Thinking of Gazientep?.....Don't
Trip Start Nov 13, 2010
91Trip End Jul 20, 2011
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Again.......this blog is being delivered by my ghost writer........so easy to have staff!!!!
I have to take some time to reflect on our month in Turkey and what I learned...ok, maybe not learned - what I saw......a culture of incredible contrasts; I want to make some notes to remember - it really was that interesting. Now that my buddy has moved on, I will have to do my own writing again........ahhh.
And for any travellers thinking of Gazientep - don't believe them when they say the mosaic museum is open - there are press releases reporting it open in 2009, 2010 and for sure, for sure, open as of the first week of June 2011.....just another lie. It is not open and has no opening date set....ahhhhh......Turkey!!!!!
Jan's take on Gazientep: the pictures are mine.
Deb & I were at a bit of a loss for what to see and do after Cappadocia. I had my flight booked to Indonesia so we had a deadline, it was too little time to try to visit another country and it just felt like too much time to stay in Turkey.
Yeah, it wasn’t. A modern city with a GREAT old market that we wandered through where you could see them hand making lots of tin and copper pots, jewelry, and other bits and bobs, cobblers cutting out really interesting leather shoes, and lots and lots of local spices, foods, and souvenir trinkets but c’est tout.
Our second round in Istanbul, back to where it all began. The two guys running our hostel were two of the most socially inept, living in mom’s basement playing Dungeons & Dragons WEIRDOS ever. Each person that we met who checked into the hostel would eventually ask, “What’s up with the hostel guys?” Just rude. If you tried to talk to them, they kept their eyes on their computer screen and would mumble a few incomprehensible words until you gave up and walked away. They refused to acknowledge new arrivals and when people finally got frustrated by just standing around and insisted that they look up from the computer to check them in, they did so with a gigantic sigh, eyes rolling, and enormous effort. This is your JOB dude! What the hell is wrong with you people?!?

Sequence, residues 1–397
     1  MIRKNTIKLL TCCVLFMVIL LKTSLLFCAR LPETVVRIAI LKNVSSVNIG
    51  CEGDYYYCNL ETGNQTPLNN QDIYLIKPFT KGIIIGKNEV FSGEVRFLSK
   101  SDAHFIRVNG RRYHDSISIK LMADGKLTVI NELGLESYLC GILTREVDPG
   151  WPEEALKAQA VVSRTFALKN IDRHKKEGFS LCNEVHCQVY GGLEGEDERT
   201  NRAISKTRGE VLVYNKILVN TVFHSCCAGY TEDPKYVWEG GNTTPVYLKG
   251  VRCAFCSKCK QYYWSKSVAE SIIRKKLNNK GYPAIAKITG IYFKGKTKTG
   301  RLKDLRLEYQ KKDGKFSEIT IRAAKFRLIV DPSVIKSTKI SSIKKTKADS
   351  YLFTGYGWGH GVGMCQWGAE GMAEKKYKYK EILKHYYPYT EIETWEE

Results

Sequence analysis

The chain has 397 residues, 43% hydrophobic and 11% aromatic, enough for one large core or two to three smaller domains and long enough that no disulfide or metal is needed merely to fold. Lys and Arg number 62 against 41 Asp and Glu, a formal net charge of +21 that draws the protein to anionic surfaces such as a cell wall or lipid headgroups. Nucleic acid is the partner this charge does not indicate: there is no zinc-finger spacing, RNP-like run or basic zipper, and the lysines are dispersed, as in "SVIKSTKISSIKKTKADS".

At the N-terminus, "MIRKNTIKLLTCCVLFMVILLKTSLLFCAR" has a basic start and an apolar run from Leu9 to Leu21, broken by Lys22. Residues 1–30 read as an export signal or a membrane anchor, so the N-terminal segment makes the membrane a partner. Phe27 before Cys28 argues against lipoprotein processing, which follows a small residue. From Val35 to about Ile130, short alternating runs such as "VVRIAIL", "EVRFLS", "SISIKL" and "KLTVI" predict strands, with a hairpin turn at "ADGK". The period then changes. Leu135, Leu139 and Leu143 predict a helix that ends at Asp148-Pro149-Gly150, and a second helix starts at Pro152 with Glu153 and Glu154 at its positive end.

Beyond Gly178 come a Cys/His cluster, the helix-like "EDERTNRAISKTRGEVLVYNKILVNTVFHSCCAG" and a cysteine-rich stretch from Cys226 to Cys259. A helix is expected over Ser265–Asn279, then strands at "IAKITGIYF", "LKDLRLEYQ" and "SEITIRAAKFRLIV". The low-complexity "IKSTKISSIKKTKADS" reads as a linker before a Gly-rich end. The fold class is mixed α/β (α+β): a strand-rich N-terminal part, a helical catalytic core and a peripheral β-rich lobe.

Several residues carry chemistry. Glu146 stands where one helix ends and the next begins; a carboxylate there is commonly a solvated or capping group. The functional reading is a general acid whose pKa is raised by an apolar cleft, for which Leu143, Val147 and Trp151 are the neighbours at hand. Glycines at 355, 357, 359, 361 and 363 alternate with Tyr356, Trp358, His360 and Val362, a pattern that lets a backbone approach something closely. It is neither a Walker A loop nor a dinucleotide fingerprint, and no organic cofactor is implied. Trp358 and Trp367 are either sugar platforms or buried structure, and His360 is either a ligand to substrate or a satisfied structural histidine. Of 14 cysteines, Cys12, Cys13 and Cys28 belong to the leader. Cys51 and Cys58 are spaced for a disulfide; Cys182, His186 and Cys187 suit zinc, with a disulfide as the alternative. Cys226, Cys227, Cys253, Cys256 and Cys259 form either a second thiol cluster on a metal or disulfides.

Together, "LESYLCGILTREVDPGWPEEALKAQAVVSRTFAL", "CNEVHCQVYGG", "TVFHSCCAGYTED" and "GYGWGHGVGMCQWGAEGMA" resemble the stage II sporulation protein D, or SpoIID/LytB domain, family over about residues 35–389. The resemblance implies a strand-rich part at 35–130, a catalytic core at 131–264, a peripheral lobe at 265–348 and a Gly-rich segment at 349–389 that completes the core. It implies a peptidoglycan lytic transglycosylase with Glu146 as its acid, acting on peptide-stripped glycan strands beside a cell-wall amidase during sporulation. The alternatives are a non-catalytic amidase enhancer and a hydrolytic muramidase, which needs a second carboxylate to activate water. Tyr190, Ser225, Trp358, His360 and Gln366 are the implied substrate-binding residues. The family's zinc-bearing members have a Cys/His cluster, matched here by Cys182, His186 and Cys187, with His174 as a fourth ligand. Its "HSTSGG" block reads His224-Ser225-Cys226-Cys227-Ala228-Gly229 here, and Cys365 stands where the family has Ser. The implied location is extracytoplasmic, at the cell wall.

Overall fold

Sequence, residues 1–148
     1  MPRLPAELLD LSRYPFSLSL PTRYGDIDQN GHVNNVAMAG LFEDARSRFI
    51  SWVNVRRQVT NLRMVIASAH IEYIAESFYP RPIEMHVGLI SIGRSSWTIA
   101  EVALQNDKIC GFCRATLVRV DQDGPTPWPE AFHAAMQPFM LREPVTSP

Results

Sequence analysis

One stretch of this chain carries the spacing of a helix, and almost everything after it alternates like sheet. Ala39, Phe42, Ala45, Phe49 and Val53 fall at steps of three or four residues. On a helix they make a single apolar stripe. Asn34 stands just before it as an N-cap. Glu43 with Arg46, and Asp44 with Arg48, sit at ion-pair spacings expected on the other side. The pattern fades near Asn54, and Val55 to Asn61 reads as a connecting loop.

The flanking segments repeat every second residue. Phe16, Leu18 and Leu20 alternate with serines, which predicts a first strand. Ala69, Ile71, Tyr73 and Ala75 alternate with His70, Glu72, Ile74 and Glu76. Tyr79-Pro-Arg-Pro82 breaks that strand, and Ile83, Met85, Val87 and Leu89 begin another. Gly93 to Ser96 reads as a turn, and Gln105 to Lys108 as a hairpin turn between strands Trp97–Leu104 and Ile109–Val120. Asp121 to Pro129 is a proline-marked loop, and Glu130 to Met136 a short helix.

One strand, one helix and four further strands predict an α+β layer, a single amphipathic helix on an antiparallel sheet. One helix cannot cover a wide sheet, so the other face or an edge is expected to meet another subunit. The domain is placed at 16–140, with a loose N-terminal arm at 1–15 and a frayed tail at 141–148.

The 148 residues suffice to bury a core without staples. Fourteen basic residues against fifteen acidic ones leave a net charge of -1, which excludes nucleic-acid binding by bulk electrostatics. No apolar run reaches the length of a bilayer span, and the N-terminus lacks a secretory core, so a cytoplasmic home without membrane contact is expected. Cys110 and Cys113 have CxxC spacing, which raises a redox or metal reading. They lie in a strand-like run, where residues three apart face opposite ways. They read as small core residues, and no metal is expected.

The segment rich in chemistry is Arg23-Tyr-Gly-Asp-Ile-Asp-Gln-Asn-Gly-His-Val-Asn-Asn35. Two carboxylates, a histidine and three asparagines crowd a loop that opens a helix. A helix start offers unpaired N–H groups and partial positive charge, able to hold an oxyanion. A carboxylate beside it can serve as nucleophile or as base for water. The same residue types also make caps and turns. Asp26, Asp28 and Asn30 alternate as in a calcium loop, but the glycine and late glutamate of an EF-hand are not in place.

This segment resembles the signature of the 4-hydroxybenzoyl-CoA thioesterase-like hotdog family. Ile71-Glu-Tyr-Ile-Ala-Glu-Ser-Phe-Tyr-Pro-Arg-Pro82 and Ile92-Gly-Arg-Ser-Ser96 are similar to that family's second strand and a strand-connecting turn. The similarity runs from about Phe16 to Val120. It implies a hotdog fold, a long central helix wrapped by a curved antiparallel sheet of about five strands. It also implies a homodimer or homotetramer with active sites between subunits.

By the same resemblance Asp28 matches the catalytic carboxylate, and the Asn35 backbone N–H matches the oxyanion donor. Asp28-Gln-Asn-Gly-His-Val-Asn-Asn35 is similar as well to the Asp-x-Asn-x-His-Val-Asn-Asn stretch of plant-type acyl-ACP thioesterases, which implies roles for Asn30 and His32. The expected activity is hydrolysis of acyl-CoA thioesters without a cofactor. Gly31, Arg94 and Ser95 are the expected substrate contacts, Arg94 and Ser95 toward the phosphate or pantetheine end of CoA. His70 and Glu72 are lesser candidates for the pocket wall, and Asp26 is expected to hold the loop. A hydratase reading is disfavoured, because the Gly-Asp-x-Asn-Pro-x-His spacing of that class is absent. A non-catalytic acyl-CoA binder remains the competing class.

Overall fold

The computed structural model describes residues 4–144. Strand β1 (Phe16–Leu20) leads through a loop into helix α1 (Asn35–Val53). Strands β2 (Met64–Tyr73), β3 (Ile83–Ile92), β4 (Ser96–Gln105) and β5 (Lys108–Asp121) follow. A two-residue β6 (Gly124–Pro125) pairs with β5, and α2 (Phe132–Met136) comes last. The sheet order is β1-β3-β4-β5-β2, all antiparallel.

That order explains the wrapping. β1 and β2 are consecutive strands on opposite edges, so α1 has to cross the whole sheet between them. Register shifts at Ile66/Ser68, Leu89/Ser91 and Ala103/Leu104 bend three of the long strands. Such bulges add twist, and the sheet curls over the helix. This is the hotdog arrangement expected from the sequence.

Oh we were done, done, done with this country. A few more explorations around Istanbul and as was the case our first time around, there were more happier people to be found so we soaked up the street and market hospitality like a dead man in the desert. Anyone who smiled or talked to us drew us in like moths to a flame. We were putty in their hands. You smiled! Wow! We should have stayed in Istanbul. Not Asian or African hospitality mind you, but we took what we could get after a month of miserable. It’s almost flight time.
After lots of packing and repacking, Deb analyzing and prioritizing my possessions for me, and some slight anxiety, I was packed and ready to hit the road for Indo. Deb changed her flight back to Spain to leave the same day as me as high season had arrived and travel was now insanely expensive plus, we needed to leave Turkey before someone was going to get a karate chop to the nose. It was really that bad.
Airport scene, lots more rude, dismissive people so yep, let’s get on our planes. Tears of desperation as I said goodbye to Deb who left shortly before I did and then it was my turn. Sitting at my gate surrounded by Asians, I felt the tension ease and the casual and smiley interactions between people lift any lingering doubts of my new ventures to Indonesia. My decision to teach in Asia over the Middle East was confirmed. I knew I was heading in the right direction.